It’s not often you need two hands to keep track of the scoring in a soccer game, so Gio Reyna’s confusion was understandable as he came off the field Monday following the United States national team’s most prolific performance in more than a year.
“I don’t know, was it six or seven tonight?” he asked after scoring the first goal in the U.S. team’s 6-2 rout of Panama in Wiener Neustadt, Austria. “Obviously, we scored a lot of goals.”
The most, in fact, since a 7-0 Nations League win over Cuba 13 months ago. But it wasn’t so much how many goals the U.S. scored as it was who scored them. Sebastian Soto, who came on in the 77th minute, finished with two in his international debut, Nicholas Gioacchini had two in his first national team start and Reyna had one in his second U.S. appearance.
Richy Ledezma, who made his U.S. debut as a second-half substitute, had two assists.
None are old enough to buy a beer in California to celebrate — Gioacchini and Reyna were part of the second-youngest starting XI in national team history — and none had been in a national team camp before last week.
Since Monday’s game was a friendly and not a competitive game, none are “cap tied” — the term used to describe a player locked to one national team — to the U.S. Instead, they are among 11 players on this month’s 23-man roster who are eligible to play for other national teams, a number which underscores the diversity of a young team that started players from clubs in eight countries Monday.
It’s unlikely any will be seeking other international options however.
Soto, 20, from Carlsbad, turned down an invitation to join Chile for World Cup qualifiers earlier this fall. Reyna, 18, has a Portuguese passport but has followed his father Claudio and mother Danielle into the U.S. program and is certain to stay.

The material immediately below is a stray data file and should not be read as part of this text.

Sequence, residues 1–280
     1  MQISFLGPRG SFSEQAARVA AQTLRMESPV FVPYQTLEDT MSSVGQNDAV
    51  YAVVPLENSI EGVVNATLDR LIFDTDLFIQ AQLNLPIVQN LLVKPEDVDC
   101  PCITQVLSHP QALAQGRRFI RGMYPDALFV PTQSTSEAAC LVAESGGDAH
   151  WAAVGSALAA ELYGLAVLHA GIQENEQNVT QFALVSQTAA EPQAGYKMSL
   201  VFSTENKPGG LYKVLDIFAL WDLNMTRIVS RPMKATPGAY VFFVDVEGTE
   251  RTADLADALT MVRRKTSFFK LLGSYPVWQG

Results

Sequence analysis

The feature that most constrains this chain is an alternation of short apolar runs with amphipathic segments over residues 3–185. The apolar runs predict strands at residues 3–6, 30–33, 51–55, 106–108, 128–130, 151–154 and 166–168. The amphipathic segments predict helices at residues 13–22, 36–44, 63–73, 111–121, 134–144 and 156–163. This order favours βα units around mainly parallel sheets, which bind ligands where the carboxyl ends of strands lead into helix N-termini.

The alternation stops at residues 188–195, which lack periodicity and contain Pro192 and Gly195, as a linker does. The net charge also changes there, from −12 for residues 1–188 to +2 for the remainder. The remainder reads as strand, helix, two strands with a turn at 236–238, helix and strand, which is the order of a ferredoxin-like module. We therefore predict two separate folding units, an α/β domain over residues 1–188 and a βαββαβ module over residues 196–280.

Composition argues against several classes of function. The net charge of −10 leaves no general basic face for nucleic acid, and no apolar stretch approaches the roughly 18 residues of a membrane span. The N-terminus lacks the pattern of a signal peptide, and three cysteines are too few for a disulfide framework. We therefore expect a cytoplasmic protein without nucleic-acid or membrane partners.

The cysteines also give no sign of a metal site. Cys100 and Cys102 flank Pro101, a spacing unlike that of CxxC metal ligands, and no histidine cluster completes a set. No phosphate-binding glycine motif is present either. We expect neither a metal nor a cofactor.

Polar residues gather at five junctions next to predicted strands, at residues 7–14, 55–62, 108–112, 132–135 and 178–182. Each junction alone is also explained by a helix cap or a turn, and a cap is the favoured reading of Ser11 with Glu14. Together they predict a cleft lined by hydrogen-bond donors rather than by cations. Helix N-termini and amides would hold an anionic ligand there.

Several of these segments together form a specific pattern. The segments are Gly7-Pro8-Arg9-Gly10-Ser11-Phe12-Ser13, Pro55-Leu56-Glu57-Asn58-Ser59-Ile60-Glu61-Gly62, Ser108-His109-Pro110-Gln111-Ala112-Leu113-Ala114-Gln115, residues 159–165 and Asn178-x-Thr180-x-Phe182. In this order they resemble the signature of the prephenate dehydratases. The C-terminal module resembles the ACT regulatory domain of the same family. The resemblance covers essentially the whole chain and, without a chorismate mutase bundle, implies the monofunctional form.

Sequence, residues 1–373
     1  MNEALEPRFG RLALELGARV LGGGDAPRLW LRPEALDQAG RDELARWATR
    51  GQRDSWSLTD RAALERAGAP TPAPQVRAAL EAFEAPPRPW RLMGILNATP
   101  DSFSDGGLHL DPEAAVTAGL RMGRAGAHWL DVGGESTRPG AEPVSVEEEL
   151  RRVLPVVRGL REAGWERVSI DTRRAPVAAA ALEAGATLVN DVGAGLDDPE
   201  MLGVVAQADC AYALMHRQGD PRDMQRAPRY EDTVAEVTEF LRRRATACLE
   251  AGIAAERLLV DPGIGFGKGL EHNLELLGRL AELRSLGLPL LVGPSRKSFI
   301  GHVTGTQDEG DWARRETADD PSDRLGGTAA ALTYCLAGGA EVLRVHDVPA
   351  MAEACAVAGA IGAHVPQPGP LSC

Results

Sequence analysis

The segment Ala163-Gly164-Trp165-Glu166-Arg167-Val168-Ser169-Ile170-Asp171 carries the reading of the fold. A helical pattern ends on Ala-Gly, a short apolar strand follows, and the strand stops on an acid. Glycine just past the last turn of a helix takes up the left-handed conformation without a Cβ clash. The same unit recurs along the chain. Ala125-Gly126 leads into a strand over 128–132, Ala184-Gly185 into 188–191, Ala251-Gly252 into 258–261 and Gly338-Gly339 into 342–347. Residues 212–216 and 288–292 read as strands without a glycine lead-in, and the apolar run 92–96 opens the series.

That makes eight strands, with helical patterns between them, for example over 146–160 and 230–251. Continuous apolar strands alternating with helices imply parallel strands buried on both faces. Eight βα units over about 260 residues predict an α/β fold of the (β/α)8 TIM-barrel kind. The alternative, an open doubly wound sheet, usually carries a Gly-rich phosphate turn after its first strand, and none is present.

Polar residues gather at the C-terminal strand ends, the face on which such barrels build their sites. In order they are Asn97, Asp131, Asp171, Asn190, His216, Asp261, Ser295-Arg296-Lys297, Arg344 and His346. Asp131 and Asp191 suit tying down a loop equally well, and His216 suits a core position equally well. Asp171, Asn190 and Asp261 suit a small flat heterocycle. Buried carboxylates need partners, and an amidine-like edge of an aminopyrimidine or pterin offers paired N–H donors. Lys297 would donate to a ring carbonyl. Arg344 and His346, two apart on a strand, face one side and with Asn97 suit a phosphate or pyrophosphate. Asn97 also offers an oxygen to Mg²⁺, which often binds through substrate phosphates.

Ledezma, 20, was approached last year about playing for Mexico but declined. Gioacchini, 20, born in Missouri to Italian and Jamaican parents, gave little doubt which way he was leaning after scoring a pair of first-half goals four minutes apart Monday.
“I had a week I’ll never, never ever forget,” said Gioacchini, who missed a penalty shot in the second half, costing him a hat trick.
“Scoring goals for my country is something that not everyone gets a chance to do. It’s almost like a blessing.”
Coach Gregg Berhalter said he believes the momentum the U.S. program is building will be reason enough to stay.
“All we want to do is create an environment for them that they want to be in, that they trust is a good environment for their development,” Berhalter said. “But it’s going to be the family that decides.”
The U.S., playing for just the second time since Feb. 1 and the third time this year, fell behind in the eighth minute on the first of two goals by José Fajardo. Reyna matched that on a free kick in 18th minute, becoming the third-youngest goal-scorer in U.S. history, before two goals from Gioacchini midway through the first half put the U.S. ahead to stay.
Soto closed the scoring late in the second half with a pair of goals sandwiched around a header from the Galaxy’s Sebastian Lletget, the only MLS player on the U.S. roster.
This story originally appeared in Los Angeles Times.